As the graph moves forward in time, the bell curve shifts to the right, representing an increase in the frequency of the various hot anomalies. It also gets wider and shorter, representing a wider range of temperature extremes. As the graph moves beyond 1980, the temperatures are still compared to the seasonal mean of the 1951-1980 base period, so that as it reaches the 21st century, there is a far greater frequency of temperatures that once fell 3 standard deviations beyond the mean.
There’s been a lot of dingus kerfuffle around the US Embassy monitoring air quality in Beijing and posting the results to Twitter at @BeijingAir. I personally like this kind of thing — its almost as though the government is acting as an environmental activist with infinite clout, stirring up problems by bringing known issues to light.
I thought, in passing, that it would be fun to pull the data stream from Twitter, parse it, and graph it. The embassy updates the data hourly; I figured I could make a call to Twitter’s API, without the need for any hacky AJAX refreshing. When people view the post, it’ll show the most recent two hundred tweets, representing 200 hours of data. Perhaps there’d be a need/interest to backup more to a database, but I was running out of steam - turns out that this undertaking wasn’t as easy as one would have hoped.
So, without further ado, here’s approximately the latest week of PM2.5 data from Beijing. The lower line — in red — is the PM2.5 concentration; the upper line — in green — is the air quality index (AQI). The dotted, light-grey line is the US EPA 24h PM2.5 standard. Note that Beijing is rarely, if ever, below that designation. I’ll do my best to explain what each of those lines represents below. But now, the graph:
PM2.5 is defined by the US EPA as follows:
Particles less than 2.5 micrometers in diameter are called “fine” particles. These particles are so small they can be detected only with an electron microscope. Sources of fine particles include all types of combustion, including motor vehicles, power plants, residential wood burning, forest fires, agricultural burning, and some industrial processes.
Exposure to particles of this size has been implicated in a wide range of health effects. Like other chemical exposures, at a first approximation the intensity of the health effect depends on the duration of exposure, the concentration of particles in the environment, and an individual’s proximity to the source. There’s increasing evidence that any exposure above very low levels — the types we rarely see anywhere on Earth these days — are bad for health and can exacerbate heart and lung disease, asthma, bronchitis, and the like.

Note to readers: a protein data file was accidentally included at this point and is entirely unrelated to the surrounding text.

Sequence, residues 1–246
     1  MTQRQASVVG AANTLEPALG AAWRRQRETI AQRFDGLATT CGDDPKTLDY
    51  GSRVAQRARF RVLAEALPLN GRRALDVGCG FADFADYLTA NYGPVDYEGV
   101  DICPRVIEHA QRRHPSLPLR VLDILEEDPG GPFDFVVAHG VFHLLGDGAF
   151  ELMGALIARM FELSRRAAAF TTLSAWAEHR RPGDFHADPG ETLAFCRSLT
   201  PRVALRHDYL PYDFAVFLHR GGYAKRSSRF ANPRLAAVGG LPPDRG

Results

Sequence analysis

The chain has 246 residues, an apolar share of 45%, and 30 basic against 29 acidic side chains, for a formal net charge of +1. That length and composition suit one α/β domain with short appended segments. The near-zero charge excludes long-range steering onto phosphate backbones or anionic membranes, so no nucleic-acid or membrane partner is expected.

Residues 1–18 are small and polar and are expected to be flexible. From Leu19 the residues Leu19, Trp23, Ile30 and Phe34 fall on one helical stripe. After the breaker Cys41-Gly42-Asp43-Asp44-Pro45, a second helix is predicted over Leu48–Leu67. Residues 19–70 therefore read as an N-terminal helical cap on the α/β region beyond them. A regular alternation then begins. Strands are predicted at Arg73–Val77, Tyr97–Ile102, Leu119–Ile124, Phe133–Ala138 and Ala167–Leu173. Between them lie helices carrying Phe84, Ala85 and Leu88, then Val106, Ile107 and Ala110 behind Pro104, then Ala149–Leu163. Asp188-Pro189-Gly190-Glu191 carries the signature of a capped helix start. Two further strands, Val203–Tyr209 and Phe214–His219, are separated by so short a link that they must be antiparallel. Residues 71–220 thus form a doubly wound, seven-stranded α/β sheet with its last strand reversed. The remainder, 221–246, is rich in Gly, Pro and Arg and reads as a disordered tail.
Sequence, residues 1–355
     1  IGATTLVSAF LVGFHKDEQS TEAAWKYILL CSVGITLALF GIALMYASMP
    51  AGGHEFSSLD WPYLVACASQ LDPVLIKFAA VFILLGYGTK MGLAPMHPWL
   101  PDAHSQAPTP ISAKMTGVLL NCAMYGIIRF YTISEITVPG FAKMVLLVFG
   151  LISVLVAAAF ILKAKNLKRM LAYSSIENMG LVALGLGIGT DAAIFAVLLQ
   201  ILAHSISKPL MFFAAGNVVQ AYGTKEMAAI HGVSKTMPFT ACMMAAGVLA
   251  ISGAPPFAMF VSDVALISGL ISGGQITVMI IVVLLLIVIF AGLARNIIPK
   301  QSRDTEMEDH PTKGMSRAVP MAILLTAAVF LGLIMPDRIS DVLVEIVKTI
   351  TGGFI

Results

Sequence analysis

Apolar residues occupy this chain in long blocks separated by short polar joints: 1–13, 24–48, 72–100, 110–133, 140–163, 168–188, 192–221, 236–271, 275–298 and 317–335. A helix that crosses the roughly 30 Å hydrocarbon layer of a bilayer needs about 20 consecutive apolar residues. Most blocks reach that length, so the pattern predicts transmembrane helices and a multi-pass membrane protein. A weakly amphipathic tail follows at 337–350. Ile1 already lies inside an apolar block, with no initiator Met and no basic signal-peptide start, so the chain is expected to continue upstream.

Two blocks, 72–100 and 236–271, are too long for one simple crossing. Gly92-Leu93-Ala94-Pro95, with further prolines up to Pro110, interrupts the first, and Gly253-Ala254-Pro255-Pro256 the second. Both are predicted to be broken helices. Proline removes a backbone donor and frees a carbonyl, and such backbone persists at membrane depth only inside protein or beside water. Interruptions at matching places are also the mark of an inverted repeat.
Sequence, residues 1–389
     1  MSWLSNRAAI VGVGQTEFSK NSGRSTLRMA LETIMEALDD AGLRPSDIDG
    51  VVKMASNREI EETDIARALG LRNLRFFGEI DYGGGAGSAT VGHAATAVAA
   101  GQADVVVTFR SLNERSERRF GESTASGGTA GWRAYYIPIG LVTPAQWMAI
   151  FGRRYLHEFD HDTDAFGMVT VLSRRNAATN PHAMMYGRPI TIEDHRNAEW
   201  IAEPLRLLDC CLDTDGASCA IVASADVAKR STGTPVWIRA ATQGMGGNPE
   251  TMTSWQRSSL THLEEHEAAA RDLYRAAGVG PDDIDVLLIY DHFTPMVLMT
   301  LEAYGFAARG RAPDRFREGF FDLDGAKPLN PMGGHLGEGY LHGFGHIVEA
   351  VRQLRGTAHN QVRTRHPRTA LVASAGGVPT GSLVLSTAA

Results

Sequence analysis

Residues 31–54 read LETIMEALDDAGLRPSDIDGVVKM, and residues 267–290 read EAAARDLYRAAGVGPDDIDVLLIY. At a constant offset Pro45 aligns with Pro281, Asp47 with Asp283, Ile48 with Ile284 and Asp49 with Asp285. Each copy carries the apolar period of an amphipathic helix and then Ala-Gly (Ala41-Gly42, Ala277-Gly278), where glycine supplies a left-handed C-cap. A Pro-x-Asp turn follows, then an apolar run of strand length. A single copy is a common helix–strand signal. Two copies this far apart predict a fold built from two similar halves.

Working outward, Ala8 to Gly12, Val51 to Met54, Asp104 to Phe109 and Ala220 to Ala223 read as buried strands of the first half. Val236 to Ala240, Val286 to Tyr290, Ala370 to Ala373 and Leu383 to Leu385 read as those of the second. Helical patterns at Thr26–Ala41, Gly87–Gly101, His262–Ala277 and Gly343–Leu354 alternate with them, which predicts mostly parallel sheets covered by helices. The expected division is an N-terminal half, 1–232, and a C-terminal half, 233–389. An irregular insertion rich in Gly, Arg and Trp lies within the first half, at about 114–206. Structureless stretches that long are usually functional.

The Air Quality Index (or AQI) is a summary measure that
tells you how clean or polluted your air is, and what associated health effects might be a concern for you. The AQI focuses on health effects you may experience within a few hours or days after breathing polluted air. EPA calculates the AQI for five major air pollutants regulated by the Clean Air Act: ground-level ozone, particle pollution (also known as particulate matter), carbon monoxide, sulfur dioxide, and nitrogen dioxide. For each of these pollutants, EPA has established national air quality standards to protect public health. Ground-level ozone and airborne particles are the two pollutants that pose the greatest threat to human health in this country.
Finally, the US EPA standard is pretty straightforward. For the US, there are not supposed to be 24-hour average PM levels above the 35µg/m3. Of course, as we can expect, not every locale in the country can meet this standard.
Back to China.
It’d be interesting to add some summary statistics and look at variation between weekdays and weekends — I’m working on that now. I’m also trying to find an accessible data source from China to plot along with the US data. Some comparison would be good, especially after China began posting its own data not too long ago.
The previous (and awesome) work that inspired this undertaking was done by China Air Daily. They’ve got some amazing visuals of the air pollution. One is attached below; I recommend checking out their site for more great stuff.